Speciation analysis and bioaccessibility evaluation of trace elements in goji berries (Lycium Barbarum, L.)
• A novel speciation analysis of trace metals in goji berries after in vitro simulation of gastric and gastrointestinal digestion is examined.
• SEC-ICP–MS analysis shows that Cu and Zn have high bioaccessibility for the human body.
• Among nine solutions which were used for the extraction of metal complexes from goji berries, a solutions with pectinase had the best efficiency.
• LC-ESI–MS/MS analysis was used for the identification of Cu and Zn complexes - flavonols, glycosides, carotenoids and amino acids were observed.
Goji berries (Lycium Barbarum, L.) are known for their nutritional potential as a great source of trace metals (e.g., copper, zinc and manganese) which are present in the form of highly bioaccessible compounds. In order to assess the bioaccessibility of trace elements and to identify compounds responsible for better bioaccessibility of copper and zinc, an in vitro simulation of gastrointestinal digestion was used in this study.
The total content of trace metals was evaluated using sample digestion followed by inductively coupled plasma mass spectrometry. Bioaccessibility of trace elements was estimated by size exclusion chromatography coupled to inductively coupled plasma mass spectrometry. These analytical methods were used to analyse samples of goji berries to determine the highest amount of elements. For total trace metal content in goji berries, Zn had the highest level of the three studied (10.6 μg g−1), while the total content of manganese and copper was 9.9 μg g−1 and 6.1 μg g−1, respectively.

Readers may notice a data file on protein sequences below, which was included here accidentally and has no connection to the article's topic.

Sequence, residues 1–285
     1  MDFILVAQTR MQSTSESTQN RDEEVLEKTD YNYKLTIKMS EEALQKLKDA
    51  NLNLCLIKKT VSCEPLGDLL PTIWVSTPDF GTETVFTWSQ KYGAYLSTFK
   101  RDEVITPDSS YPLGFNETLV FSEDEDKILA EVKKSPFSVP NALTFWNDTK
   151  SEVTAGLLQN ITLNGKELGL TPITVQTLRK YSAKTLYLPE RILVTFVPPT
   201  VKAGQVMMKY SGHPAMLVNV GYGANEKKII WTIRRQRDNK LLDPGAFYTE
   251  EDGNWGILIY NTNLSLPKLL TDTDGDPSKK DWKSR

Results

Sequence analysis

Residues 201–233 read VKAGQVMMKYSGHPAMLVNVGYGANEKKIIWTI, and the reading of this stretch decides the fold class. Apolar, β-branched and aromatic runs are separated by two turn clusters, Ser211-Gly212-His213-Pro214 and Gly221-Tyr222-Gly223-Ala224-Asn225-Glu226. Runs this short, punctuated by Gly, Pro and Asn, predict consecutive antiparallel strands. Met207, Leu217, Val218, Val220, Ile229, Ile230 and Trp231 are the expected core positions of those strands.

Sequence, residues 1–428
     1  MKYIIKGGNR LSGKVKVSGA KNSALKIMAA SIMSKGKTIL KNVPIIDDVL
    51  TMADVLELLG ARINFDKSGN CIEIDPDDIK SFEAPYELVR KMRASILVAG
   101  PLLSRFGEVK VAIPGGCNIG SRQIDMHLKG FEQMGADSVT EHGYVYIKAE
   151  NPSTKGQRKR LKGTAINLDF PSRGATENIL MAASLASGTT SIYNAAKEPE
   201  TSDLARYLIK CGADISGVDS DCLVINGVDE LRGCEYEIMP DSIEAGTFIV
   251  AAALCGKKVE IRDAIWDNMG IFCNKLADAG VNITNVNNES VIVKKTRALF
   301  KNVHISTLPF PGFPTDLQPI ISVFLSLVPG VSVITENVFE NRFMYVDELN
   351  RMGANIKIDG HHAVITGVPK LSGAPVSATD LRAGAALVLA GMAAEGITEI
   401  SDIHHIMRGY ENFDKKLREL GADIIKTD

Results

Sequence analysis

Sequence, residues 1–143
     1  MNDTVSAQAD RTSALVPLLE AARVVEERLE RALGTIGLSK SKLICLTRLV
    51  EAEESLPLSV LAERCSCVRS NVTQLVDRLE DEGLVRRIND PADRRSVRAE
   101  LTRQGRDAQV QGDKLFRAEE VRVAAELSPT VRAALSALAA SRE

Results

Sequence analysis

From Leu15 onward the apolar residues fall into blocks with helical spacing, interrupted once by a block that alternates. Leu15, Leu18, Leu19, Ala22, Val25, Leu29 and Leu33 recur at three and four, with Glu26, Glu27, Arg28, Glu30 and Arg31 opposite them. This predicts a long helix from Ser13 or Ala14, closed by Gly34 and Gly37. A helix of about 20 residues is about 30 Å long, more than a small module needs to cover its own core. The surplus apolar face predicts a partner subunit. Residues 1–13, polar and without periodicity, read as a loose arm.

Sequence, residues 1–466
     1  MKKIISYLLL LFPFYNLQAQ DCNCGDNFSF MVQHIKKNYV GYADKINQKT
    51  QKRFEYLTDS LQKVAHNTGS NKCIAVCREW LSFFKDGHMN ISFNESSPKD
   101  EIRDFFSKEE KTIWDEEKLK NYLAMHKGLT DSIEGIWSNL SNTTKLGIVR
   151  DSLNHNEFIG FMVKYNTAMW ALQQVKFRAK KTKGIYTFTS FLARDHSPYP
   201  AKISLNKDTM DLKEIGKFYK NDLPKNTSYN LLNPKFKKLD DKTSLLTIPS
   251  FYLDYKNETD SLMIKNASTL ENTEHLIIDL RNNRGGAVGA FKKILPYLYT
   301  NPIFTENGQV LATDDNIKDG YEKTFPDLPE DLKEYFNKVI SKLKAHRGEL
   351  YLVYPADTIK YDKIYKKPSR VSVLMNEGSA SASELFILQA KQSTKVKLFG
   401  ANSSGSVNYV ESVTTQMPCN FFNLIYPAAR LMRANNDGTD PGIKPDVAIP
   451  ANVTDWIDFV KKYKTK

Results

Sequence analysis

Additionally, the analysed metals were found to be highly bioaccessible to the human body (about 56% for Mn, 72% for Cu and 64% for Zn in the gastric extract and approximately 35% for Mn, 23% for Cu and 31% for Zn in the case of gastrointestinal extract). To obtain information about metal complexes present in goji berries, extraction treatment using different solutions (ionic liquid, HEPES, SDS, Tris-HCl, ammonium acetate, water) was performed. Enzymatic treatment using pectinase and hemicellulase was also checked. Extracts of berries were analysed by SEC-ICP-MS and μHPLC–ESI–MS/MS techniques. The ionic liquid and pectinase extraction helped efficiently extract copper (seven compounds) and zinc (four compounds) complexes. Compounds identified in goji berries are most likely to be responsible for better bioaccessibility of those elements to the human organism.
1 Chair of Analytical Chemistry, Faculty of Chemistry, Warsaw University of Technology, Poland.
2 Chair of Analytical Chemistry, Faculty of Chemistry, Warsaw University of Technology, Poland. Electronic address: firstname.lastname@example.org.
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